WASHINGTON (Reuters) – Citigroup Inc C.N agreed to pay a $400 million penalty and draw up a sweeping remediation plan after U.S. regulators identified “several longstanding deficiencies” and operational lapses, U.S. regulators said on Wednesday.

The Federal Reserve and Office of the Comptroller of the Currency said that the bank required “comprehensive corrective actions” and must overhaul its risk management, data governance and internal controls across the company.

The Fed said the action “requires the firm to correct several longstanding deficiencies.”

“For several years, the Bank has failed to implement and maintain an enterprisewide risk management and compliance risk management program, internal controls, or a data governance program commensurate with the Bank’s size, complexity, and risk profile,” the OCC said in its consent order.


In a statement, Citi said it was disappointed to have fallen short of regulatory expectations and has “significant remediation projects” under way.

The hefty penalty follows renewed public and regulatory scrutiny of Citi’s operations after an “error” led the bank to mistakenly send Revlon creditors $900 million of its own funds in August. The bank is pursuing legal action against some lenders who are refusing to return the payment.

Since then it has announced that Chief Executive Mike Corbat would retire earlier than expected and the bank would boost investment in its operational systems by $1 billion.


Incoming CEO Jane Fraser, who will take over early next year, has highlighted improving risk and control systems as a priority. “We will invest in our infrastructure, risk management and controls to ensure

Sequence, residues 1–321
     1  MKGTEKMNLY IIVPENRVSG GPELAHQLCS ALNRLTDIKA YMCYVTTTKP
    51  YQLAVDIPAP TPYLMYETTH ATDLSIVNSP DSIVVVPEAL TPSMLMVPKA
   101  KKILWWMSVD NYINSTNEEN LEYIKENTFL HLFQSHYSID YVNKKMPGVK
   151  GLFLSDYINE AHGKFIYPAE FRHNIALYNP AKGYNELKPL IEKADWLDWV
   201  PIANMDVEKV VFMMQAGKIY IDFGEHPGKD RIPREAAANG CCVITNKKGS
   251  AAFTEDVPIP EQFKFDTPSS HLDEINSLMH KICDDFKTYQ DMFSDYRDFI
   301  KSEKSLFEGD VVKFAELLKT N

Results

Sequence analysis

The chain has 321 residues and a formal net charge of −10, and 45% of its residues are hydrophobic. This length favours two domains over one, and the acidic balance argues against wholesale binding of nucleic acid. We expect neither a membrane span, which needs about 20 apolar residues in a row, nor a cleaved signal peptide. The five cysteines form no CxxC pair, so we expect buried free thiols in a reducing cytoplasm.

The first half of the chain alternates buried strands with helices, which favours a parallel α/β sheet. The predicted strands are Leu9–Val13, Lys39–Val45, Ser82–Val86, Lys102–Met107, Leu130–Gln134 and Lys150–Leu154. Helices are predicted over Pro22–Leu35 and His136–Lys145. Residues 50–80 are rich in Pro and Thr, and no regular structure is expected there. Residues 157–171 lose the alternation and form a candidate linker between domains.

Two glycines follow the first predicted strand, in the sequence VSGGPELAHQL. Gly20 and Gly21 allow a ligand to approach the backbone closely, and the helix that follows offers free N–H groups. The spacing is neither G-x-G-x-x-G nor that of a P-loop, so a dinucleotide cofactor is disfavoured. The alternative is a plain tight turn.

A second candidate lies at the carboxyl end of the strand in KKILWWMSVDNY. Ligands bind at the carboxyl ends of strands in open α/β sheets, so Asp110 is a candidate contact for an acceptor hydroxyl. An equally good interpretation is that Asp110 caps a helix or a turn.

a man sitting at a desk: Amazon expanded its Personal Shopper by Prime Wardrobe service to include men's clothing. Amazon

© Amazon
Amazon expanded its Personal Shopper by Prime Wardrobe service to include men’s clothing. Amazon

  • Amazon announced an expansion to its Personal Shopper by Prime Wardrobe service, leading many to wonder about the impact it will have on Stitch Fix. 
  • “Obviously, whenever Amazon does anything in retail, we all pay really close attention, and apparel has been a strategic focus of theirs for a long time,” Ed Yruma, managing director at KeyBanc Capital Markets, told Business Insider. 
  • But analysts said that Stitch Fix is still well-positioned to benefit from the wave of bankruptcies that have plagued retail this year, among other factors.
  • Visit Business Insider’s homepage for more stories.

Last week, Amazon expanded its Personal Shopper by Prime Wardrobe offerings to include men’s clothing. 


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For $4.99 a month, members receive shipments of clothing that are curated based on their style and fit preferences. Personal Shopper was first launched for women’s clothing in July 2019. According to an Amazon spokesperson, “hundreds of thousands” of people have since set up profiles for Personal Shopper. 

The news that Amazon was expanding the service set off alarm bells for many wondering whether it would spell doom for Stitch Fix, the publicly traded personal styling tech company.

Stitch Fix’s primary line of business is its “Fixes,” which are boxes of items selected for male and female shoppers by stylists using data on users’ personal style and fit. 

But analysts say that Amazon’s growth into this category won’t hurt Stitch Fix too much — not any more than Amazon’s usual innovations do, at least. 

“Obviously, whenever Amazon does anything in retail, we all pay really close attention, and apparel has been a strategic focus of theirs for a long time,” Ed Yruma, managing director at KeyBanc Capital Markets, told Business Insider. 

Yruma said

Over the past two weeks I’ve spent time with two individuals who represent the largest minority group in the United States: Americans with disabilities. The first, Ric Nelson, is a 37-year-old entrepreneur in Anchorage Alaska. Nelson has cerebral palsy and requires full-time assistance to manage his physical needs. Nelson is academically brilliant and highly energized to advance the interests of the disabled. He graduated in the top 10 percent of his high school class and, against high odds, used the scholarship he obtained to secure associate’s and bachelor’s degrees in Small Business Management and Business Administration. Most recently, he completed a master’s degree in Public Administration. 

a person sitting at a table using a laptop